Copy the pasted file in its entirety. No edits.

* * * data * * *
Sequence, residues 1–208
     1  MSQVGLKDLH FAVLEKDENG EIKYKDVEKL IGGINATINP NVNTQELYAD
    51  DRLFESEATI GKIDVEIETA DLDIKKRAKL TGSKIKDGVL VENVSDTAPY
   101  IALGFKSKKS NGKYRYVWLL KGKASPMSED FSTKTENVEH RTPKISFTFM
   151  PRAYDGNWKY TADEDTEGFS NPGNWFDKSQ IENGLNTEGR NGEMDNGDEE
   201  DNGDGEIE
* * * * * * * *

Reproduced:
Sequence, residues 1–208
     1  MSQVGLKDLH FAVLEKDENG EIKYKDVEKL IGGINATINP NVNTQELYAD
    51  DRLFESEATI GKIDVEIETA DLDIKKRAKL TGSKIKDGVL VENVSDTAPY
   101  IALGFKSKKS NGKYRYVWLL KGKASPMSED FSTKTENVEH RTPKISFTFM
   151  PRAYDGNWKY TADEDTEGFS NPGNWFDKSQ IENGLNTEGR NGEMDNGDEE
   201  DNGDGEIE